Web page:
Posts Tagged ‘joy’

This is a social media post from my brother.  I am not going to go into all the history and details of why I hold him in high regard as a Hupomone Man.

I have, to some degree, learned the tension of walking through the valley of the shadow of death while still expecting blessing. I can navigate suffering (relatively speaking) but expect blessing. So when I knew I was flying to Shanghai I decided to be specific in my request to God. I bought a coach seat but wanted an upgrade. Not only did I want an upgrade, I wanted to be upgraded to the upper deck of the 747 aircraft in seat 77. When I checked my flight just before our Sunday gathering at The Bridge Metrowest, I saw I had been upgraded to seat 77. See, in the grand scheme of things it’s a small thing. In light of recent events it’s insignificant. But it means something to me that the Father cares about the little things that seem big to His kids in the moment. That’s what Dads do. He’s a good good Father.

Walking in the miraculous should be a way of life for the Hupomone man.  It is a lifestyle that extends from our faith.  (For a look at Walking in the Miraculous click here ).

As my brother says we have a good, good Father; one who gives his children good gifts (Luke 11:13).  The mistake that we make too often is linking the gifts from our Father to the circumstances of our lives and our own expectations.  When we become a new creation we are freed from circumstances and our only expectation is “that all things work together for good…” (Romans 8:38).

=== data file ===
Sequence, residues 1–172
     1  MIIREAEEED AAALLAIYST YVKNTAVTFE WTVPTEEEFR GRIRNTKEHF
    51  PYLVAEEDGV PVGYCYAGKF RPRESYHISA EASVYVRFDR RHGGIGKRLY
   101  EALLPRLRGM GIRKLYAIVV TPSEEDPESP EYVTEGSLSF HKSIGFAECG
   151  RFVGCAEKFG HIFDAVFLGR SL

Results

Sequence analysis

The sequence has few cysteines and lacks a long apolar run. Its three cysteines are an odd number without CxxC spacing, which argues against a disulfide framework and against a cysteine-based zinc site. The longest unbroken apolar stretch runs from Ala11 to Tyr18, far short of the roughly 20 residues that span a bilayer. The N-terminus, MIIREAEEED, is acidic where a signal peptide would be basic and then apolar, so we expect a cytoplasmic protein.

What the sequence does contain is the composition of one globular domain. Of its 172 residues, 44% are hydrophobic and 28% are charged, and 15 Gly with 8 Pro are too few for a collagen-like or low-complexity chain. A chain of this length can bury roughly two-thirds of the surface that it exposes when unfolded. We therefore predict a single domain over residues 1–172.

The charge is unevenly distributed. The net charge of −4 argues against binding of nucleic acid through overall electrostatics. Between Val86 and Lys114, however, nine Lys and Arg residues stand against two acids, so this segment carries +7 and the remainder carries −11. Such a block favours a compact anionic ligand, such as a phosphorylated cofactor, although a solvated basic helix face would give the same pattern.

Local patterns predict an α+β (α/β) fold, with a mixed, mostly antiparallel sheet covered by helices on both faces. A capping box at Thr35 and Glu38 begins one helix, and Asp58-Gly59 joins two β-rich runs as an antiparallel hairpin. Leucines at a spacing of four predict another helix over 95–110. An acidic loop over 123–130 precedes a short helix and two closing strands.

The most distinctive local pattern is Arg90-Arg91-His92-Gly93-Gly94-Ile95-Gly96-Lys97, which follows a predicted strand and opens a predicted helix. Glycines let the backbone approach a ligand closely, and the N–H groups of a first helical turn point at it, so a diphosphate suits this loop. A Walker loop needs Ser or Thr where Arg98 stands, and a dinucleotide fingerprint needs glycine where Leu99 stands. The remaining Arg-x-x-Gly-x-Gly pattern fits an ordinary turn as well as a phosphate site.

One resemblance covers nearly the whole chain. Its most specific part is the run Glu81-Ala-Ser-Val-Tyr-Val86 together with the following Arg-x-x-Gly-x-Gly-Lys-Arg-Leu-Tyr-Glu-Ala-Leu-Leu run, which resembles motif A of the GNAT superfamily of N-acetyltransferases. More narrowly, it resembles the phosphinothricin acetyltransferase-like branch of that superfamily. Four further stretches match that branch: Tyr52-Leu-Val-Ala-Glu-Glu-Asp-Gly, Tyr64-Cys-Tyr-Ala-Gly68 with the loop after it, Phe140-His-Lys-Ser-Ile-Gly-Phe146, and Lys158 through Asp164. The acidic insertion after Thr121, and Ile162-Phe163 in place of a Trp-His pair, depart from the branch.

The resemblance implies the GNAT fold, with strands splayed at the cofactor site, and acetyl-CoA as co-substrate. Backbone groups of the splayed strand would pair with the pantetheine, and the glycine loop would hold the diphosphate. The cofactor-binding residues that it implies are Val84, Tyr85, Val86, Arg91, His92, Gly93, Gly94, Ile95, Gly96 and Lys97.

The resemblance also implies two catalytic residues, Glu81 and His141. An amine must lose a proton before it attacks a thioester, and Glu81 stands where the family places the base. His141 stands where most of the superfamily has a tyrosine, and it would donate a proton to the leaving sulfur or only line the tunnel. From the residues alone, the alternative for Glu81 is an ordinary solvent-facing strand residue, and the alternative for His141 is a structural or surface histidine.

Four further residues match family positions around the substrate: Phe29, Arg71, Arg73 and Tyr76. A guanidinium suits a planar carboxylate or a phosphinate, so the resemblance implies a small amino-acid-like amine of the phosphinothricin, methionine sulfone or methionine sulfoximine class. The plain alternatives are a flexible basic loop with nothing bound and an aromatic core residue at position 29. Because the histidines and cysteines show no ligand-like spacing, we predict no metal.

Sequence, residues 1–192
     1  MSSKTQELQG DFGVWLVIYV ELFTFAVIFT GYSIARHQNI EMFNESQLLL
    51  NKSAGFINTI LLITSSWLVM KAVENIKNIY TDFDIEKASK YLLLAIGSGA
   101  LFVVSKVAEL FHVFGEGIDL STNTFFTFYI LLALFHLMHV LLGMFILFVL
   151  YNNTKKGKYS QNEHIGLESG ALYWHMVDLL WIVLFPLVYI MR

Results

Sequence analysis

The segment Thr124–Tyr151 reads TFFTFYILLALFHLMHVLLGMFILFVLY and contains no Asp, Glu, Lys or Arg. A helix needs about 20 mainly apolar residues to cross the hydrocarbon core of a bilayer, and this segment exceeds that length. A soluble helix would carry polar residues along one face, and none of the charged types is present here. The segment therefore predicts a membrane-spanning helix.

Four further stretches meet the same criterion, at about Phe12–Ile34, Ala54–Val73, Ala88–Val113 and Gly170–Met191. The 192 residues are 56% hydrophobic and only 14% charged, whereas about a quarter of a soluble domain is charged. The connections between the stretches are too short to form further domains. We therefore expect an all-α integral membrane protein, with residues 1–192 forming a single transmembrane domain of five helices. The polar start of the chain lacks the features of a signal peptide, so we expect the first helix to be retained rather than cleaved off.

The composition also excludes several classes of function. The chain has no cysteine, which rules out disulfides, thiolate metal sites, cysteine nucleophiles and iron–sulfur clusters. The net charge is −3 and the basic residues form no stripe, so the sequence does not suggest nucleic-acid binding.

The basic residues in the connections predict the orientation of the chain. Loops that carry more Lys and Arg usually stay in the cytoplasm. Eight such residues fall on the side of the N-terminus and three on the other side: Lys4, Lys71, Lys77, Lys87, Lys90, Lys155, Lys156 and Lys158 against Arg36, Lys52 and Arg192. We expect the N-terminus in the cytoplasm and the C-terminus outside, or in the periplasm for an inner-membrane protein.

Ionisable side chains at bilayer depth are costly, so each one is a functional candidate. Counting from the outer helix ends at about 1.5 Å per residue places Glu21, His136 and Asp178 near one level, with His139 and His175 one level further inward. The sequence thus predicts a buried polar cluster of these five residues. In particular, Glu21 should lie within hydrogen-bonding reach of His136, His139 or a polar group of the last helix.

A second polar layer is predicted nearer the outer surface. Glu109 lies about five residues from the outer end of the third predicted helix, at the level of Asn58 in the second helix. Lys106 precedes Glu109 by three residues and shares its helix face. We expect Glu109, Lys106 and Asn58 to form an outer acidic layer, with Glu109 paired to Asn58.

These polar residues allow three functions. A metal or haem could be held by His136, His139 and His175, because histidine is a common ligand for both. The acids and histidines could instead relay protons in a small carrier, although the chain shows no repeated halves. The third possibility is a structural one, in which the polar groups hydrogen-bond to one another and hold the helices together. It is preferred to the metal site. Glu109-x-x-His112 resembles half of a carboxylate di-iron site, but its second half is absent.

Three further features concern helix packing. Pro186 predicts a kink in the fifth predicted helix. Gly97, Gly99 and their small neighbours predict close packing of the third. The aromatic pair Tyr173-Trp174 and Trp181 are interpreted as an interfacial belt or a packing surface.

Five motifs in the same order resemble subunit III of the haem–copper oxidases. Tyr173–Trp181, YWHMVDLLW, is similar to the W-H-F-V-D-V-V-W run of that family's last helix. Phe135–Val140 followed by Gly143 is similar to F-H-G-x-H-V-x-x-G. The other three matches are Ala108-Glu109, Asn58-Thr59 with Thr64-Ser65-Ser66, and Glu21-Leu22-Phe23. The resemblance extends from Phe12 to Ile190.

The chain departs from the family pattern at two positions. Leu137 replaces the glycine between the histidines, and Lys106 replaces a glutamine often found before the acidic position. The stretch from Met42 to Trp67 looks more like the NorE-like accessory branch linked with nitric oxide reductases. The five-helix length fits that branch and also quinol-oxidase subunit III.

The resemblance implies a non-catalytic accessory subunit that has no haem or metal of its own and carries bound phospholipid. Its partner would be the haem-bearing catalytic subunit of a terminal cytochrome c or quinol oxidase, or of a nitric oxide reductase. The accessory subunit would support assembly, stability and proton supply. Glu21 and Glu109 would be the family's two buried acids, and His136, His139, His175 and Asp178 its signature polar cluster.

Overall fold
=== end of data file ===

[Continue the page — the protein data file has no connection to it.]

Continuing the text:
Our freedom and expectation of  God’s good makes the miraculous details of God’s love all the more amazing because whether you get upgraded to seat 77 or your flight is canceled and you are stuck in the airport for 36 hours the goodness of our Father remains, along with the expectation of the miraculous.  This reality does not diminish the joy of the above story, in fact it enhances it because the joy is guaranteed.  We just need to walk it out.  This is not the giddy joy of circumstance, it is the hupomone joy.  It is the joy that remains regardless of circumstance but brings those oh yeah moments when he opens up the gates of heaven to bless in demonstrative fashion to strengthen the hupomone faith of creatures born of circumstance.

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“The thief comes only to steal and kill and destroy; I came that they may have life, and have it abundantly.”

John 10:10

Hupomone

  1.  steadfastness, constancy, endurance